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Strategic Plan Update: Curriculum Management

Gary Towsley, Distinguished Teaching Professor of Mathematics (SUNY Geneseo photo/Keith Walters)

Geneseo is continuing to implement the highest priority (Phase I) action items that were identified in the Geneseo 2021 Strategic Plan. Out of a pool of $1 million to advance those items, $350,000 was directed to time-sensitive student recruitment efforts. Last September, project leaders in charge of seven other action items shared proposals during a campus forum to secure funding available from the remaining $650,000 fund balance. Based on recommendations from the Budget Priorities Committee, made in consultation with the Strategic Planning Group, President Battles allocated various amounts across all seven action items. 

Advancing Curriculum Management ($95,920)

As the cornerstone of its liberal arts program, Geneseo’s curriculum is reviewed and revised on a regular — and cumbersome — basis, which is hampered by outdated processes and technology. However, in the words of Bob Dylan, “the times they are a-changin'.” Interim Assistant Provost for Curriculum and Assessment Bill Harrison has taken the lead managing a software purchase and implementation project that will automate the curriculum management and catalog process, saving the College both time and money. 

Currently, SUNY Geneseo is working with System Administration and a software vendor to finalize a purchase contract. Once fully implemented, this new curriculum management software will address objectives identified in the strategic plan under Focus Area 1— Learning: 1) pursue curricular innovation; 2) improve support to faculty and staff to explore innovative approaches to teaching, learning, and research; 3) build a more effective and integrated learning and information infrastructure; and 4) strengthen faculty oversight and governance of curriculum. It also will make information more accessible to students and college community.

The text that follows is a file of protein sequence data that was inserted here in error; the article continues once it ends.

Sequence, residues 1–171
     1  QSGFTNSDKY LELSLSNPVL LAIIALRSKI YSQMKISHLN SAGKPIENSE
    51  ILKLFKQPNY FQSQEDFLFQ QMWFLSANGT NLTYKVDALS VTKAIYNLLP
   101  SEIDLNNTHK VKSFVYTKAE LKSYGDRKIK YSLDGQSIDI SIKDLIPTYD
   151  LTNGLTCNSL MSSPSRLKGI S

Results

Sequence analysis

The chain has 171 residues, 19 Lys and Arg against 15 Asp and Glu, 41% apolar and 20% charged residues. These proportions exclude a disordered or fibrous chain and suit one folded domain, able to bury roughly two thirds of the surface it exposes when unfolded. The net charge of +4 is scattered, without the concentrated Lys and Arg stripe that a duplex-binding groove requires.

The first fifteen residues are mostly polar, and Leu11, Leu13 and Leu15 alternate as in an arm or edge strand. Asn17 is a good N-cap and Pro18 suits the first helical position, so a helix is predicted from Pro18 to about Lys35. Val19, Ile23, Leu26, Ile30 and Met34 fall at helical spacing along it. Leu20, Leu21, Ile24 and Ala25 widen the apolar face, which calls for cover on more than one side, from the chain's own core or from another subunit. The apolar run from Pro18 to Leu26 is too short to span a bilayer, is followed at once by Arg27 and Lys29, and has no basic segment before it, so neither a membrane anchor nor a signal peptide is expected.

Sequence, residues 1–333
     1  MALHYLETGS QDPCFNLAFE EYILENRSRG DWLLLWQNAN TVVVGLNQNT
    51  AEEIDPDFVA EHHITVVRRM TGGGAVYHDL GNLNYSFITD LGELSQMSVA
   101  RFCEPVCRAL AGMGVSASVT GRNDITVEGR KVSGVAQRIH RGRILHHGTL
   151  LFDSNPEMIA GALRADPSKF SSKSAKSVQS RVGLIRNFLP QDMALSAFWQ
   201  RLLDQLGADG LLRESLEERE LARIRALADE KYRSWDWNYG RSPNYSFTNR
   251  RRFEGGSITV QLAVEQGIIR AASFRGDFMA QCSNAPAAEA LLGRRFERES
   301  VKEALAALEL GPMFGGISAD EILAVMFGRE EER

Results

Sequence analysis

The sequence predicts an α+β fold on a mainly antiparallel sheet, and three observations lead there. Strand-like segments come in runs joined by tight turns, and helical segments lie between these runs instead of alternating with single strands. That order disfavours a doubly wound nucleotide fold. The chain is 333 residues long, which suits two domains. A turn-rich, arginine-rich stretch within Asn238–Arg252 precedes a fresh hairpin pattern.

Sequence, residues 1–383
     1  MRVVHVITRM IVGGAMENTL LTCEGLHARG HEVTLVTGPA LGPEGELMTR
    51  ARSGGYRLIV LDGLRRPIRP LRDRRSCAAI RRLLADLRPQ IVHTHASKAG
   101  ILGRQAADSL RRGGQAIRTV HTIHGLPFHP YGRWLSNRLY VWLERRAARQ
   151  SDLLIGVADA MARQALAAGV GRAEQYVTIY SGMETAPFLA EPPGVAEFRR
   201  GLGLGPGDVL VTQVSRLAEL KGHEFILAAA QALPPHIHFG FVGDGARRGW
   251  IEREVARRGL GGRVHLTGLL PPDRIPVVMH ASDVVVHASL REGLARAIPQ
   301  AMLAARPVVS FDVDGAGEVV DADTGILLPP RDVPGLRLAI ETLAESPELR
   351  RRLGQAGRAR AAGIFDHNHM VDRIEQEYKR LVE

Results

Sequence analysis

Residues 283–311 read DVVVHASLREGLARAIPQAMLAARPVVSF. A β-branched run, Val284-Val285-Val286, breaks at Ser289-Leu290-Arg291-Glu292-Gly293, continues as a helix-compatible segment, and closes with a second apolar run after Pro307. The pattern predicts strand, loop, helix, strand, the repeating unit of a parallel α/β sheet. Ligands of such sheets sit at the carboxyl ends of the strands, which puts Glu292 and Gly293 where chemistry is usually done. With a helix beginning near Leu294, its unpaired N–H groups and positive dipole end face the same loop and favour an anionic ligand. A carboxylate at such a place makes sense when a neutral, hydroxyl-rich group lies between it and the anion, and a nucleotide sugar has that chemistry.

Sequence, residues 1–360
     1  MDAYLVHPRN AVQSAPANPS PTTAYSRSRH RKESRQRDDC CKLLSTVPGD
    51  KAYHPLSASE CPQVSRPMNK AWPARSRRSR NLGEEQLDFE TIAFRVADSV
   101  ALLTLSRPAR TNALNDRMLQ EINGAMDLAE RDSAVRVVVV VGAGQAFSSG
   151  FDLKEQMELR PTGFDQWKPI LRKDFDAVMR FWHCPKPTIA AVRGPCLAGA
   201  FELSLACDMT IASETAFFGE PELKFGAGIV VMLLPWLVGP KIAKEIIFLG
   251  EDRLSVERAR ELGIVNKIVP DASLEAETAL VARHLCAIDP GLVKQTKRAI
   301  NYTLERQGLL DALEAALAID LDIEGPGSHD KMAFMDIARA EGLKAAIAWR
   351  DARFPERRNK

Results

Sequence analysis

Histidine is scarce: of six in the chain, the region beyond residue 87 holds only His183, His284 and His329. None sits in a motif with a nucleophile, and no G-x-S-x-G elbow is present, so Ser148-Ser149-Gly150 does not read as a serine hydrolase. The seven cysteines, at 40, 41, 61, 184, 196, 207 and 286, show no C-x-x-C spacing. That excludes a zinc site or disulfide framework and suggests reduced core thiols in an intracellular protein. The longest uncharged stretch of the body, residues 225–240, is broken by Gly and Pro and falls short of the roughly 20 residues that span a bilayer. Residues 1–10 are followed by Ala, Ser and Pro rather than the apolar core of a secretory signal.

Under the current system, the process for revising the curriculum is time-consuming and burdensome, beginning with a word document proposal submitted by an academic department to the Office of the Provost, followed by multiple email exchanges detailing review and comments. The document is then converted into a PDF and submitted to the Undergraduate Curriculum Committee. From there, it is sent to College Senate for further review and discussion before final submission to the President for approval. The changes must then be uploaded into Banner and published in the undergraduate college bulletin — a PDF file that isn’t easily updated and one that also presents some access issues with regard to Americans with Disabilities Act requirements.

“Using this software will make the process of moving from proposed coursework to implemented pedagogy more transparent to the curricular stakeholders,” said Harrison. 

Harrison also noted that the software provides the capability for information to be easily routed, edited, searched, and linked on the web to facilitate communication with a variety of users — including Geneseo students who prefer to use that platform to gather information. The advantages can help reduce costs, improve time management, increase morale, and enhance recruitment and retention efforts. 

Harrison hopes that the software will be operational by the end of 2018. The initial funding of $95,920 will be used toward first-year start-up costs; annual costs thereafter are currently being negotiated. 

– Tony Hoppa